Introduction: Compost Bin: Wood and Wire Mesh
There are cheap, easy and fast compost bins but they often come with problems. I have made a few of these for family members and this design has the advantages of large size and flexibility as well as being portable. Each side of the bin is a unit that can easily be removed as you remove material and later reattached.
10- 2" x 4" x 8' treated
17'- 2" x 4" welded wire fence 48" high
48- 2-1/2" galvanized common hails OR 2-1/2" #8 screws (I prefer hex head)
1# box- 3/4" galvanized poultry staples
8- 2-1/2" hook and eyes
?? adhesive bandages (freshly cut wire is sharp!)
Saw (hand crosscut or circular)
Power drill and bits
Drive bit...if you are using screws
Workbench with vise.....helpful but not necessary
Sawhorses.....helpful but not necessary
Step 1: Materials Preparation and Assembly
1) While wearing safety glasses, cut eight of the 2" x 4"s into pieces 49-1/2" and 46-1/2" long. The 49-1/2" pieces are the horizontal parts of the panels and the 46-1/2" pieces are the vertical parts. Cut the other two 2" x 4"s into pieces 46-1/2" long. Drill two pilot holes about 3/4" from each end of each 49-1/2" and in the middle of the board. The holes should be slightly smaller than the diameter of the nails or screw you are using. The holes will help prevent the wood from splitting as you assemble.
2) Assemble the 49-1/2" pieces to the 46-1/2" as shown in the second photo. One vertical at each end and one in the middle. I like to do this with the boards laying on a cement driveway or garage floor to make sure the panel is flat. Set the panels aside.
3) While wearing safety glasses, unroll the welded wire, flattening it as you go. WARNING You may want to have someone assist with this since the wire has the memory of being rolled and will tend to spring back causing injury. Cut four 48" long sections of fencing. Be sure to cut close to the vertical wires and then remove the 2" horizontal ends that remain before starting on the next section.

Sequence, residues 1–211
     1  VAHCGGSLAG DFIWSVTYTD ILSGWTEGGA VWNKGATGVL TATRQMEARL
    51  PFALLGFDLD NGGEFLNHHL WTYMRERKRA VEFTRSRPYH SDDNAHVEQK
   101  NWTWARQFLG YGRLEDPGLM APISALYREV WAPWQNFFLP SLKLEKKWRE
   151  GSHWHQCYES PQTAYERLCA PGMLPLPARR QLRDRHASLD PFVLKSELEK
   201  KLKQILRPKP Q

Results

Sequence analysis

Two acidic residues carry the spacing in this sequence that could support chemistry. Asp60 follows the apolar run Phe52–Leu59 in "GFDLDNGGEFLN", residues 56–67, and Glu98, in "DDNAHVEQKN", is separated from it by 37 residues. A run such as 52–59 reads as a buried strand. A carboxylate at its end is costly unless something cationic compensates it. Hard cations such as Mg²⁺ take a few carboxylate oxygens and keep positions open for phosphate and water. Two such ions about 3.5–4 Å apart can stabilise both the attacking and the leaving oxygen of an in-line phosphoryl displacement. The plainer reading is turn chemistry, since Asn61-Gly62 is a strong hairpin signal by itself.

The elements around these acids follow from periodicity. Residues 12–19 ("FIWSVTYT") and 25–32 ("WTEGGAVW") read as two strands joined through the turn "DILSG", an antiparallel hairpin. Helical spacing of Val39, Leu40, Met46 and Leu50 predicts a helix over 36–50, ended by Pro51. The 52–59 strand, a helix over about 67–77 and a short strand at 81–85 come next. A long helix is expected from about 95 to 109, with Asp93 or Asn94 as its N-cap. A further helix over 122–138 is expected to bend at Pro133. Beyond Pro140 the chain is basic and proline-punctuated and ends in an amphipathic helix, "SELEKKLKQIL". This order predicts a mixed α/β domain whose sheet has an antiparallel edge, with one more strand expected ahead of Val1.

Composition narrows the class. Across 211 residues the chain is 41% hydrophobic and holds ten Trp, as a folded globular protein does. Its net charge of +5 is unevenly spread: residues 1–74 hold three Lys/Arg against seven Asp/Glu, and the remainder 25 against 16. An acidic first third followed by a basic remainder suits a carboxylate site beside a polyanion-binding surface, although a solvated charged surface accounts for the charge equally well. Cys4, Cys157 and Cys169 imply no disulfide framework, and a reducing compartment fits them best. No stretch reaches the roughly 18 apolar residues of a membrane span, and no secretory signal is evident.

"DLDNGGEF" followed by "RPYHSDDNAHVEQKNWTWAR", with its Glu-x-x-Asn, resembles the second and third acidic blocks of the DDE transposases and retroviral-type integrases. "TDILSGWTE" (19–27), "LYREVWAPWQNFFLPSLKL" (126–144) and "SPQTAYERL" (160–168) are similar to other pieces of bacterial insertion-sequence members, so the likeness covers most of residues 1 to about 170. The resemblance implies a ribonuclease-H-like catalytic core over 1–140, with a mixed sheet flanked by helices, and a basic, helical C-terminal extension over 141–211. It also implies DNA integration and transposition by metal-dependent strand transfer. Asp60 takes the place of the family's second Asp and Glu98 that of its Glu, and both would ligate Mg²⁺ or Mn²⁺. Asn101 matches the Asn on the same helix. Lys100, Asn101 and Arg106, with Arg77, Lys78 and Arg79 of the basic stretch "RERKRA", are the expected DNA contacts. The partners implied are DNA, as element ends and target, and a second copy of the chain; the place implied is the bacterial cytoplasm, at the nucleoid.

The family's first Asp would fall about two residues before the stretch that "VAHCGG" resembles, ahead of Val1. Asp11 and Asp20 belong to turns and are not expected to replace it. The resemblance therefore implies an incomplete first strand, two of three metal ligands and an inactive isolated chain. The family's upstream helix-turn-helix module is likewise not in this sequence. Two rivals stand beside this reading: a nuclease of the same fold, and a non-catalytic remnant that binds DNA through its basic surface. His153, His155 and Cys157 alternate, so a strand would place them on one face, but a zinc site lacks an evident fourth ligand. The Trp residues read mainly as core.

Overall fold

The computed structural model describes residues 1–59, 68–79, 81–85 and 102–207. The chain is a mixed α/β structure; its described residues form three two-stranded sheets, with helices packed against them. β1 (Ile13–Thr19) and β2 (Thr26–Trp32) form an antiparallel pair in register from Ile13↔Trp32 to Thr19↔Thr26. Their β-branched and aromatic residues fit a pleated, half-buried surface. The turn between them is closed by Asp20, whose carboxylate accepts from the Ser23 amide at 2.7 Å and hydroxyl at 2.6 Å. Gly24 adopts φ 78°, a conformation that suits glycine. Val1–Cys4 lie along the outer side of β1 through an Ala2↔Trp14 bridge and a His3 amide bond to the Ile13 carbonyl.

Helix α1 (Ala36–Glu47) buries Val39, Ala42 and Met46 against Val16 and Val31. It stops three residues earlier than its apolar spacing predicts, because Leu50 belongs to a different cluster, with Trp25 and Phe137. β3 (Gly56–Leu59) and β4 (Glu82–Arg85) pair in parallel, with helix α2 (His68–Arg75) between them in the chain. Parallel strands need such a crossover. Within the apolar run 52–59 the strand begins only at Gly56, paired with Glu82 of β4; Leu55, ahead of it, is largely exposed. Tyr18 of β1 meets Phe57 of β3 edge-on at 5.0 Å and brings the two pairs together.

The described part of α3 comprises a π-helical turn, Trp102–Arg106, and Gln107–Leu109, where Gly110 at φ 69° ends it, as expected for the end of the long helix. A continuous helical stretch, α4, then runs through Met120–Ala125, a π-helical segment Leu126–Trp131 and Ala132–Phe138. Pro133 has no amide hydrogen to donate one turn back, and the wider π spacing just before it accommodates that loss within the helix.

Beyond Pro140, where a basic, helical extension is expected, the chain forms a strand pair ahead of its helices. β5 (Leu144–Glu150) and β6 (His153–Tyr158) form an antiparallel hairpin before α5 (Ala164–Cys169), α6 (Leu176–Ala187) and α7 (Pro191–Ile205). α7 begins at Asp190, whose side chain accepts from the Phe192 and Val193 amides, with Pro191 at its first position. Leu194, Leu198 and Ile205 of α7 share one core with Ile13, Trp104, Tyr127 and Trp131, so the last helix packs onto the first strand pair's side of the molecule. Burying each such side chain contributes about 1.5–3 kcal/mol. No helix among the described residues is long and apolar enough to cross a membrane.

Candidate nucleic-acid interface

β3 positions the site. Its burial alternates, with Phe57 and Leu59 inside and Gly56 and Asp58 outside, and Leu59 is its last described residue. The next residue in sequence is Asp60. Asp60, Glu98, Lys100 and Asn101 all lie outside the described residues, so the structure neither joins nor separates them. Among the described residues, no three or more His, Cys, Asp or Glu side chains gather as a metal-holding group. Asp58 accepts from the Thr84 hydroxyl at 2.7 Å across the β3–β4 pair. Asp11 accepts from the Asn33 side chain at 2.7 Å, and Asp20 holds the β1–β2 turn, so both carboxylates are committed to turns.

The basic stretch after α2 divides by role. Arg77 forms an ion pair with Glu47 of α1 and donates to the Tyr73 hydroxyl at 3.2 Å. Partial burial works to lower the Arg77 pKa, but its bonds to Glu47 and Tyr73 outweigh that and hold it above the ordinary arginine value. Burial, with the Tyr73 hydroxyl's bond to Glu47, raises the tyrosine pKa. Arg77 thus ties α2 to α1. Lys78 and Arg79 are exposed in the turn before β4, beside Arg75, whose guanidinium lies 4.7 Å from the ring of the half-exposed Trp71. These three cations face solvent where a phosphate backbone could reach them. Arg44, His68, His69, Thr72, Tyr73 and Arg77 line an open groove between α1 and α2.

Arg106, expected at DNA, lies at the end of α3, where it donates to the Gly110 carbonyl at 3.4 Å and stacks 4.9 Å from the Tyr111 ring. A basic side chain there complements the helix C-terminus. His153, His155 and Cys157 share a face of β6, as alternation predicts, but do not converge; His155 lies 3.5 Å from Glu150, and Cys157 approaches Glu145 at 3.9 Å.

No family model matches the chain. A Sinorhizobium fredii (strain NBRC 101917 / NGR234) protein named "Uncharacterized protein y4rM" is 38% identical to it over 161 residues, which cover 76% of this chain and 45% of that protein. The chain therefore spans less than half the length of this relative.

4) Lay a wooden panel flat on the floor or on sawhorses (to save your back) and lay a wire section on it. The 4" sides of the 2" x 4" openings should align with the vertical sides of the panel. Center the right side wire on the right side vertical 2" x 4" . Check the left side wire to make sure it is centered on the left side 2" x 4". Align the top and bottom likewise.
5) Empty a couple dozen staples into something like an old pie pan. Using the needle nose pliers, pick up a staple (this will save smashed fingers) and position it over one of the outside wires, near the middle. Make sure the wire section is still correctly positioned and pound in the staple (while wearing safety glasses). Realign the wire section, if needed, and add another staple to the other side of the section. Once the wire is held in position, proceed to add more staples to every other wire. Work from the center out. Don't forget to staple the wires to the center vertical 2" x 4". This is the tedious part since you need to pound almost 50 staples per bin panel.
6) With all four panels completed, stand them up on a level surface as shown in the 4th picture. The wire is on the INSIDE. Label both panels at each corner (A-A, B-B, etc.) and screw in the hooks and eyes after you drill pilot holes. Pliers are helpful here. Hook them as you work your way around the bin. This will stabilize the panels so they don't fall over. Put a hook and eye near the top and near the bottom.
7) If you are just making one bin, unhook your bin and take it to your site for reassembly.
8) If you are making a double bin you will need two fewer 2" x 4"s for the second bin since the bins will share a common center panel. You will, however, need to put a wire section on both sides of the center panel.
9) Sign and date your project.
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